I believe that tuition at the Kansas Board off Regents universities is too high and that the annual increases students and their families are being asked to bear are insupportable in the current economy. At a time when the very basics of life are becoming harder to afford for Kansas families, every dollar increase in university tuition puts an unacceptable burden on those who want to better themselves through education.
Having said this, however, I do not believe that the majority of blame for our frequent and often high tuition increases lies primarily with the universities. Instead, it lies with the Kansas Legislature, with the politicization of higher education in Kansas, and with the public's increasing expectations of what a university can provide for its students and the state as a whole.
It is far too easy for politicians and the general public who do not spend much time at the universities or study closely the universities' budgets and expenditure totals to blame rising tuition on there being too much "fat" at the schools. I have been at KU for 14 years. I have seen very little waste and no "fat" to speak of.
Indeed, what I see is a large number of faculty and staff whose salaries are significantly below market, buildings that are in an advanced state of disrepair for lack of funds to maintain them, library and technology budgets far too small to provide cutting edge technology for research and teaching. Indeed, what I see, generally, is students, faculty and staff making the best of perpetually inadequate resources.
A decade ago the Kansas Legislature seems to have decided that it simply did not want to continue to fund adequately the needs of the regents universities. Instead of accepting the difficult task of taking the political heat for maintaining the quality of our state university system, the Legislature decided to shift the burden of maintaining adequate funding to the universities. In this way they were able to lower taxes and claim to be fiscally conservative.
Of course, the Legislature knew exactly what it was doing. There are only two ways for the universities to raise funds: through gifts and grants and through tuition. During the past decade KU ran a successful, major fund-raising effort. One can certainly argue that more must be done on the fundraising side, but in a weak economy in which both grants and gifts are harder to come by, there are limits to what can be brought in. This leaves only tuition.
At the same time that a greater share of the burden of funding universities has been shifted from the Legislature to the universities, both the Legislature and the general public have increased their expectations for what the universities can and should do. The state universities are no longer - if they ever were - solely teaching institutions. They are also high level research institutions working on such things as curing cancer, improving the lives of autistic children, increasing the supply of oil from domestic wells, measuring the thickness of polar ice, and curing diabetes, to name just a few of the ongoing projects at KU alone.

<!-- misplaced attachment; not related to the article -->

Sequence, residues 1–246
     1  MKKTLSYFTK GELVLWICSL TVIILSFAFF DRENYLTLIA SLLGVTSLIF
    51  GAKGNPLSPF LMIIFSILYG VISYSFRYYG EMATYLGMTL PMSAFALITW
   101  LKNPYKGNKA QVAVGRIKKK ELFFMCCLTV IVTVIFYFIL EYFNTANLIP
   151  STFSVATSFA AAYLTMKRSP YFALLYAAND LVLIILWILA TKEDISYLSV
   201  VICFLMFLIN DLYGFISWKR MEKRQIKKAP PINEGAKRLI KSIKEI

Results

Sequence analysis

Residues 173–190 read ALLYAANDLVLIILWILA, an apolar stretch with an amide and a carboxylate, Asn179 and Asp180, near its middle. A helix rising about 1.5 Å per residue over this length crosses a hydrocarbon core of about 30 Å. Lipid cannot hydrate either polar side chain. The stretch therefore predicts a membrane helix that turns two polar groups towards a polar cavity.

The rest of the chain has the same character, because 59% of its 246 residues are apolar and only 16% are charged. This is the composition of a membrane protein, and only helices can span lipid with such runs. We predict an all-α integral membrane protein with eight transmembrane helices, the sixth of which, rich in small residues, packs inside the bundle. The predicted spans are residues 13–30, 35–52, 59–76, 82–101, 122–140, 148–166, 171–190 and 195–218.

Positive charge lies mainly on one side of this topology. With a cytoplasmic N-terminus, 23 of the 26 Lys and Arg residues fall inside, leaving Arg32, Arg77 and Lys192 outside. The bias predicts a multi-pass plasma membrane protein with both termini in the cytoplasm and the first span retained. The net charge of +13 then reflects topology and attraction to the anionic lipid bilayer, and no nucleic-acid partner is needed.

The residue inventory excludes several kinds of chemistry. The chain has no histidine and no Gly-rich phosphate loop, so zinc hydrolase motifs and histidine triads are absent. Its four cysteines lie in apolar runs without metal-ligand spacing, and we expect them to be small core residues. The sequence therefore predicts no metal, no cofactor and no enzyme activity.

Students and their parents want more and more campus services and facilities - better and more technologically advanced classrooms and broader course offerings, for instance. And we shouldn't forget athletics. Kansans want winning teams - which they've been getting. All of this costs money, lots of money.
Is there a solution to the problem of rising tuition? Of course, there is. We could cut back our expectations as a state. We could decide that we'll settle for mediocrity or even less than mediocrity. We could decide not to teach some subjects and let those students who want to learn these subjects go across the border to Missouri to do so.
We could decide to give up research and become an economic backwater. We could cut back on the quality of the agricultural extension service or the medical school, even if it means our farmers lose crops and people die unnecessarily. I don't think most Kansans want this.
The other alternative is to continue on as we are currently, i.e. to continue to raise tuition to the point where a university education becomes unaffordable for most Kansans. I hope sincerely, for the sake of future generations of Kansans that we don't follow this route.
There is a third alternative solution. I think it's time for our political leadership to make some hard political and fiscal choices. They need to look at higher education in Kansas, set appropriate goals for higher education, establish a realistic budget for higher education, and then keep to it.
To me it is absolute hypocrisy for politicians to complain about increasing university tuition in Kansas when so much of the reason for these increases lies with our political leaders' unwillingness to make the tough choices. If we, as Kansans, truly believe in making public education available for everyone, then we must recognize that funding such education is a public burden and not to be placed only on the students alone.